The spirit of Christmas is a magical and powerful force; one that sees families unite for sleigh rides, poolside fun, gift giving and hiding pickles in Christmas trees. Wait, maybe that only happens in Germany. While you may roll your eyes at the lame bon-bon jokes and the tissue paper crowns your mother insists you wear at Christmas dinner, it's nothing compared to some traditions. Check out some of the quirkiest we found.
If it's not the presents and it's not Santa Claus that gets young and old excited for the festive season, it must be, er, KFC? Since a hugely successful marketing campaign in the 70s, folk in Japan have upheld the tradition of feasting on the Colonel's finger-lickin' finest for Christmas dinner. Go on, embrace Kurisumasu ni wa kentakkii! (Kentucky for Christmas!)
Jolly ol’ St Nicholas has a dark companion in Austria, a friend with horns and a devilish snarl who goes by the name Krampus. Santa doesn't need a naughty and nice list with Krampus by his side. This unfriendly face has the 'naughty' kids covered, swatting them with chains before dragging them to the fiery depths of the underworld.
No one to kiss under the mistletoe? Ladies, if your Christmas wish is for a special someone, try throwing a shoe over your shoulder in the Czech Republic. No really, stand with your back to the front door and throw your footwear over your shoulder on the 25th. If the shoe lands with the toe pointing outside, you'll be married within the year. Jingle bells? More like wedding bells!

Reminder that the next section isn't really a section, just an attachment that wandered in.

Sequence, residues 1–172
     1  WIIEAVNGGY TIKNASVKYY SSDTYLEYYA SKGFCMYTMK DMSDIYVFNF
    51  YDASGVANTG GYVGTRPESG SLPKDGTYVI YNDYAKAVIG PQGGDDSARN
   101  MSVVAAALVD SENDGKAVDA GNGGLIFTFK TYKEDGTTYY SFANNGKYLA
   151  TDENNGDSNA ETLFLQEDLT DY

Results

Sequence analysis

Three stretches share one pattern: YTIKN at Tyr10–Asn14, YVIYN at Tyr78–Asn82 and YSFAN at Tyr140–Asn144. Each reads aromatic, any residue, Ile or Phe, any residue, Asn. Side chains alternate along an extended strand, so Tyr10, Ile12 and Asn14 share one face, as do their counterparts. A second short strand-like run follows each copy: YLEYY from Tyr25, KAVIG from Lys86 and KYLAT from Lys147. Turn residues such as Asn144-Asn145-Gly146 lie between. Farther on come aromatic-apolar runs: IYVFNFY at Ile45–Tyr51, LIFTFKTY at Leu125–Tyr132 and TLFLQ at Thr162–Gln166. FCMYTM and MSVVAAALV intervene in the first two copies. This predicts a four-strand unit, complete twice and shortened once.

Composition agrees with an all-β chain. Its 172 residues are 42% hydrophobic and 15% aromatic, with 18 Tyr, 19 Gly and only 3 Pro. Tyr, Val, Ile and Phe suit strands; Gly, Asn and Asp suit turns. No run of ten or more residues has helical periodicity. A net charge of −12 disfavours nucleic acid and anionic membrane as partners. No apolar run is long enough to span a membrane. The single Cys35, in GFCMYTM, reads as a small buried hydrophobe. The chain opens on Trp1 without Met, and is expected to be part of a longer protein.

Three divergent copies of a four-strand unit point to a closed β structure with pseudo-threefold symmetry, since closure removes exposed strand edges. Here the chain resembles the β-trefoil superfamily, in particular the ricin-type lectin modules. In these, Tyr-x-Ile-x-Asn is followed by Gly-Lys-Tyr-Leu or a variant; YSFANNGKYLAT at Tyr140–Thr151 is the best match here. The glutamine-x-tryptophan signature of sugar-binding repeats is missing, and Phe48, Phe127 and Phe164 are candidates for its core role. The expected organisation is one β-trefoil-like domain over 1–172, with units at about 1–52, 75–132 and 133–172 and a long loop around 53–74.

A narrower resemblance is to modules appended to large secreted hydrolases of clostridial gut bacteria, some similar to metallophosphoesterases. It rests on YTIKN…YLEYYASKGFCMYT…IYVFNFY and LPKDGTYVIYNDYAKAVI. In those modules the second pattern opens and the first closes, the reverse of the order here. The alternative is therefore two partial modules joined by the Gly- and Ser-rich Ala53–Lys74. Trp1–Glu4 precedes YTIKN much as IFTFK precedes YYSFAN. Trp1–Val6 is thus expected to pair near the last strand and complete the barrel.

Christmas celebrations in Venezuela's capital involves roller skates. On Christmas morning, it's common for residents of Caracas to strap on a pair of skates and glide their way to Mass – the streets are closed until 8am for the event. It's also customary for children to tie a string to their big toe and dangle the other end out the window, allowing kids skating past to offer a friendly tug as they roll by. Um, okay?
Wait, what's that nestled near the Three Wise Men? Right there, near the frankincense. Is that a figurine...defecating? Nativity scenes are found all throughout Spain's Catalan region during the festive season, and if you look closely, you'll find these humorous figurines hidden within the displays. But it's not a form of disrespect; these figures represent prosperity and fertilisation. Naturally. These days, it's common to see caganers in the form of famous people. Nothing says 'Merry Christmas' like Donald Trump on the throne.
Newfoundland and Labrador, Canada
BYO costume for any Christmases spent in Canada's most easterly province. Mummering is the Newfoundland and Labrador tradition of donning a disguise and attempting to trick the neighbours in return for food and drink during the 12 days of Christmas. If mummers are welcomed into a home, the hosts must guess their identities through a series of questions, or by poking and prodding! Mummers traditionally perform songs, dance and jokes as they socialise with the hosts before moving onto the next house.
So huge is Christmas in the Philippines that decorations go up in September. The 'ber' months (September, October etc) are full of festive cheer in all its glittery glory, right up until January. Kids often leave their polished shoes and socks on window sills for the Three Kings to leave gifts in when they pass their houses at night too.
Hopefully Santa will leave you some new threads this year; otherwise you may come to an untimely end thanks to the Yule Cat. In Iceland, this mythical beast is said to stalk the Icelandic hills and if you're not donning next season's fashion at Christmas, he'll eat you. Merry Christmas, ya filthy animal.